Growth advantage in stationary-phase (GASP) phenotype in long-term survival strains of Geobacter sulfurreducens

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Abstract

Geobacter sulfurreducens exists in the subsurface and has been identified in sites contaminated with radioactive metals, consistent with its ability to reduce metals under anaerobic conditions. The natural state of organisms in the environment is one that lacks access to high concentrations of nutrients, namely electron donors and terminal electron acceptors (TEAs). Most studies have investigated G. sulfurreducens under high-nutrient conditions or have enriched for it in environmental systems via acetate amendments. We replicated the starvation state through long-term batch culture of G. sulfurreducens, where both electron donor and TEA were scarce. The growth curve revealed lag, log, stationary, death, and survival phases using acetate as electron donor and either fumarate or iron(III) citrate as TEA. In survival phase, G. sulfurreducens persisted at a constant cell count for as long as 23 months without replenishment of growth medium. Geobacter sulfurreducens demonstrated an ability to acquire a growth advantage in stationary-phase phenotype (GASP), with strains derived from subpopulations from death- or survival phase being able to out-compete mid-log-phase populations when co-cultured. The molecular basis for GASP was not because of any detectable mutation in the rpoS gene (GSU1525) nor because of a mutation in a putative homolog to Escherichia coli lrp, GSU3370.

Original languageEnglish (US)
Pages (from-to)218-228
Number of pages11
JournalFEMS Microbiology Ecology
Volume79
Issue number1
DOIs
StatePublished - Jan 1 2012

Fingerprint

Geobacter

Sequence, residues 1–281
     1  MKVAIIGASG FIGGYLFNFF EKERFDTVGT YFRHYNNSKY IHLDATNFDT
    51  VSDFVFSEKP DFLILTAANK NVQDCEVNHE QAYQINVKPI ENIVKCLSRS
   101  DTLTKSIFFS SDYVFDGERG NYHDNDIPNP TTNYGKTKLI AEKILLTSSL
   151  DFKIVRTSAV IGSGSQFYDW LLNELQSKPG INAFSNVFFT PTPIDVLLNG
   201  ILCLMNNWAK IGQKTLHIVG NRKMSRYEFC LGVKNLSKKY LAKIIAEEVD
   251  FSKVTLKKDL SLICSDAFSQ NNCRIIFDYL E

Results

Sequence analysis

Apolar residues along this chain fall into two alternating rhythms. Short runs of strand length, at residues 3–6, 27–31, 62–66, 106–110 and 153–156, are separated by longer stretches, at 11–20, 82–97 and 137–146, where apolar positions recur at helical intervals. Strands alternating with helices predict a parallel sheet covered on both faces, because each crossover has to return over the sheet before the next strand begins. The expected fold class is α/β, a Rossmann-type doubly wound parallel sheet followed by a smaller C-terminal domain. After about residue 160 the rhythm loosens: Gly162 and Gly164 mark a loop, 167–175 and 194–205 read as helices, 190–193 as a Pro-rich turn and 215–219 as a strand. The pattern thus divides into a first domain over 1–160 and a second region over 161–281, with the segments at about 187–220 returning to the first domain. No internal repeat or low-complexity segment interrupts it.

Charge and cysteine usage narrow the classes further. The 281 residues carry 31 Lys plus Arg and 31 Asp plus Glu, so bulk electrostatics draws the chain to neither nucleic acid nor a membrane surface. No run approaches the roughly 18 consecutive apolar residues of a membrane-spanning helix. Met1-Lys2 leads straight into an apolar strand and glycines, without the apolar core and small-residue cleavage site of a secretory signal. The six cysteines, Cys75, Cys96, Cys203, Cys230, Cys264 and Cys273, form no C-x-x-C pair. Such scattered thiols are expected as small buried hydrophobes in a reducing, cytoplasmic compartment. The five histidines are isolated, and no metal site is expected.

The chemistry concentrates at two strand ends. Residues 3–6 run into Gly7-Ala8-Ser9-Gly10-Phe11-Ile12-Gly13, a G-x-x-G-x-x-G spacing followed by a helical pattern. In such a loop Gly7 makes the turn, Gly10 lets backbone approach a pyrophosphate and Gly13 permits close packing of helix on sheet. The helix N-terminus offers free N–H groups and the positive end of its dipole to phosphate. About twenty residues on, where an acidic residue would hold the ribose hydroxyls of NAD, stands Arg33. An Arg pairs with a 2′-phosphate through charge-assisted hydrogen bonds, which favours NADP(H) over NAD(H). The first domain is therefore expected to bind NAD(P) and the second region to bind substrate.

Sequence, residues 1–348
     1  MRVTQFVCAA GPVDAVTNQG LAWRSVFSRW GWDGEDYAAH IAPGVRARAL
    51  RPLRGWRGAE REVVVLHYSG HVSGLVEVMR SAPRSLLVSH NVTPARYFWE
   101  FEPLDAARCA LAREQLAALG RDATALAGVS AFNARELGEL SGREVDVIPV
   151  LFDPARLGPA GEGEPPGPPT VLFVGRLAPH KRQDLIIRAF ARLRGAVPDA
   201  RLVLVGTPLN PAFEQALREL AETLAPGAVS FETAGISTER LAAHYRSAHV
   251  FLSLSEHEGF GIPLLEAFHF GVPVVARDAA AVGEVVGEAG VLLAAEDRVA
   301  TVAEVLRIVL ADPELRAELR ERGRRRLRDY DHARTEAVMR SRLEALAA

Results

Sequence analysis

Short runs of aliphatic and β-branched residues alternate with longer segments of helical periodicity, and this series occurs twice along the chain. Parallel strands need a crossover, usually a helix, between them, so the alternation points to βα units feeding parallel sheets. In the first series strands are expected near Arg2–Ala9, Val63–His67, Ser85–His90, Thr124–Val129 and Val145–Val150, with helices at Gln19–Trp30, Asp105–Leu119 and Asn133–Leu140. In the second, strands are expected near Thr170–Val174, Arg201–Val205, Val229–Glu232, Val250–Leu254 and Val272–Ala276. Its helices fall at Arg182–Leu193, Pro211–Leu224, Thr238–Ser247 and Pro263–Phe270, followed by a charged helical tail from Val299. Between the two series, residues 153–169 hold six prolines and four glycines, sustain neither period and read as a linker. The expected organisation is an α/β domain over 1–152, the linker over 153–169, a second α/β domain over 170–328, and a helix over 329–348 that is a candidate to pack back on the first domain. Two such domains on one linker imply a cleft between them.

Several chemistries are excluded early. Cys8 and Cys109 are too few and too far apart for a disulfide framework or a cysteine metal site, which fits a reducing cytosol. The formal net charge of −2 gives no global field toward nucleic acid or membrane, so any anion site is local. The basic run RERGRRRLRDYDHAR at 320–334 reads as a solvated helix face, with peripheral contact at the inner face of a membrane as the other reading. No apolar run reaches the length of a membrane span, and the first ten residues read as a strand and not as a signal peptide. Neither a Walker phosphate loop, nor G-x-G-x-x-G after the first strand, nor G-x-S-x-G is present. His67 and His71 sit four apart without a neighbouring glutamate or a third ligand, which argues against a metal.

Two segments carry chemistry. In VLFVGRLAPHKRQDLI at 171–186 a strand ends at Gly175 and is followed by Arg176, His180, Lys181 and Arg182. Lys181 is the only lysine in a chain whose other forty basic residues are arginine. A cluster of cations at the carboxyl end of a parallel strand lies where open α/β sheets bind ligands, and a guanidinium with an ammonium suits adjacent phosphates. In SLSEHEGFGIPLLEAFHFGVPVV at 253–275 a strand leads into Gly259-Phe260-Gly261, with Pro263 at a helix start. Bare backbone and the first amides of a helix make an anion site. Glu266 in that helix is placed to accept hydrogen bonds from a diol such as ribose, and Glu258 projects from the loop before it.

phenotype
Electrons
Phenotype
electron
Growth
mutation
acetate
Acetates
Metals
Food
Fumarates
Mutation
Batch Cell Culture Techniques
nutrient
metal
growth curve
Starvation
subpopulation
starvation

All Science Journal Classification (ASJC) codes

  • Microbiology
  • Applied Microbiology and Biotechnology
  • Ecology

Cite this

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abstract = "Geobacter sulfurreducens exists in the subsurface and has been identified in sites contaminated with radioactive metals, consistent with its ability to reduce metals under anaerobic conditions. The natural state of organisms in the environment is one that lacks access to high concentrations of nutrients, namely electron donors and terminal electron acceptors (TEAs). Most studies have investigated G. sulfurreducens under high-nutrient conditions or have enriched for it in environmental systems via acetate amendments. We replicated the starvation state through long-term batch culture of G. sulfurreducens, where both electron donor and TEA were scarce. The growth curve revealed lag, log, stationary, death, and survival phases using acetate as electron donor and either fumarate or iron(III) citrate as TEA. In survival phase, G. sulfurreducens persisted at a constant cell count for as long as 23 months without replenishment of growth medium. Geobacter sulfurreducens demonstrated an ability to acquire a growth advantage in stationary-phase phenotype (GASP), with strains derived from subpopulations from death- or survival phase being able to out-compete mid-log-phase populations when co-cultured. The molecular basis for GASP was not because of any detectable mutation in the rpoS gene (GSU1525) nor because of a mutation in a putative homolog to Escherichia coli lrp, GSU3370.",
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